Rubber trees are not bouncy. I know; I was disappointed to find this out as well. As a child growing up on the philosophies of Dr. Seuss, I assumed that rubber trees grew in giant, jungle gym forests just outside of Whoville. They don’t, for the record, and if you ever find yourself in a rubber tree forest, trying to bounce from tree to tree is not advisable.

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Rubber trees actually grow on large plantations, mostly in warm, tropical climates in countries like Malaysia and South Africa. Natural rubber is a sap, and is tapped from the tree much like maple syrup. It’s very sustainable; one tree can be tapped for 40 years without harming the growth of the tree. As a person who always casts her vote for sustainability, I am obviously all for this type of production, and loving the fact that natural rubber is rising rapidly in demand. As a person who works in an industry dependent on natural rubber, I am not so thrilled to find that demand is rising faster than production. This combination always seems to end in price increases.

With more demand from other industries looking for a natural alternative to synthetic rubber in their products, natural rubber is the “it-girl” of the latex industry. Factor in rising demand from rapidly developing countries such as China, and natural rubber is becoming more and more sought after. Unfortunately, unlike synthetic substances, we have to wait years for a rubber tree to mature before it is able to produce sap that can be used to make products.

And so this story ends with higher mattress prices. The cost of natural rubber went up 20% in just the past year, and unfortunately we can’t absorb that much of a price increase and still stay in business, although we wish we could. However, when put into perspective, a Lifekind organic mattress will last at least 20 years…which is 7,305 nights (including leap years)…which is 58,440 hours of restful, organic sleep. That’s a lot of sleep for your buck.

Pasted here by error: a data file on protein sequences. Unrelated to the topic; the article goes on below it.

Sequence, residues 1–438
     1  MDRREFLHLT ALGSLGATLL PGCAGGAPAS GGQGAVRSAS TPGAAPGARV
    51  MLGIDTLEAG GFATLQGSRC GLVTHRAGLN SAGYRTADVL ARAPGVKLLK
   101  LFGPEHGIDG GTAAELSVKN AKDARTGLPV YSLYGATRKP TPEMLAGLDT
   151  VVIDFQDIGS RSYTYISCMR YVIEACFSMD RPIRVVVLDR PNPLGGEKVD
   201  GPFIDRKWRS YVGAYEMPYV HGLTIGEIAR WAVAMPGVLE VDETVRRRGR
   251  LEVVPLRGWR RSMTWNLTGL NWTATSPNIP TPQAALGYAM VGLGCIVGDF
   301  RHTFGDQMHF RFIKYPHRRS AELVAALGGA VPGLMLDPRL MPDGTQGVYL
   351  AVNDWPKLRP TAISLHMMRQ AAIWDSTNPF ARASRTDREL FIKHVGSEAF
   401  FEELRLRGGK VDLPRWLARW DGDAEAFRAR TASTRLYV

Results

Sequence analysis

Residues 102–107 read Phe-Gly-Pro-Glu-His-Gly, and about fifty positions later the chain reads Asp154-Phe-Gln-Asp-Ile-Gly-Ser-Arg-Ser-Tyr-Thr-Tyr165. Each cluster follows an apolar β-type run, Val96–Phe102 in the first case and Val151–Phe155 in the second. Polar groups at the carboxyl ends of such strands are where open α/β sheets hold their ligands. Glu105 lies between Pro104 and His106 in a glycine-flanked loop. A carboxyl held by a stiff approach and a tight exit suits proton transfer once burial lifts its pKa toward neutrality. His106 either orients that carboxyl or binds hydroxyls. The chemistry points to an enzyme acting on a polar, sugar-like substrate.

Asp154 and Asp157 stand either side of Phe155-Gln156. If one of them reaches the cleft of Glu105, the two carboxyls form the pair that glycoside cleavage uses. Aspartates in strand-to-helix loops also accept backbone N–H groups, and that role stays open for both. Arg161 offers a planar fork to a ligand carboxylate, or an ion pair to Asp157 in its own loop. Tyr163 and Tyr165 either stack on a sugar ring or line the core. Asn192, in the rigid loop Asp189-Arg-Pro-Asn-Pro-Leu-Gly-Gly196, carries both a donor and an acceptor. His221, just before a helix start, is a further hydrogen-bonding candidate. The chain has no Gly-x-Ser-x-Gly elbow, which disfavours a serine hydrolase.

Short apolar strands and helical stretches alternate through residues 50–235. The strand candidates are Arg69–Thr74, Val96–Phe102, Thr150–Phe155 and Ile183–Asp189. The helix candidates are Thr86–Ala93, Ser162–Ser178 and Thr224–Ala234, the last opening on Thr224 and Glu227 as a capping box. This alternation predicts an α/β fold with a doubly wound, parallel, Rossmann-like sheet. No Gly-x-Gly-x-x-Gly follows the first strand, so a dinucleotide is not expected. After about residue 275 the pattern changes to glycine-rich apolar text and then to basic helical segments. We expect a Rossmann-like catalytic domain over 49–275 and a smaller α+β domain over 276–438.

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Washed Away

Imagine seeing an advertisement in the paper for a new Corvette, at the cost of a generic sedan. Pretty exciting, right? Like most people, you’d probably be tempted to go check it out. When you arrive at the car lot, however, the salesperson shows you what actually appears to be a shiny new Honda Civic. While there’s nothing wrong with a Civic, it certainly isn’t comparable to a Corvette. This particular Civic has Corvette brake lights, and is therefore being advertised as “Corvette Certified.” You, my disappointed friend, have just been a victim of carwashing.

Ok, I made that term up. Greenwashing, however, a similar concept that’s frighteningly popular in the mattress world, is very real.

As a Product Specialist, part of my job is to research and be informed about our competition so I can better assist customers who have questions about those companies and how they compare with Lifekind. I can tell you with absolute certainty that there is no one else who does what Lifekind does. There are imitators and companies that come close, along with those who blatantly lie to make themselves look like they come close, but I wouldn’t want to trust “close imitation” or “blatant lies” with my sleep.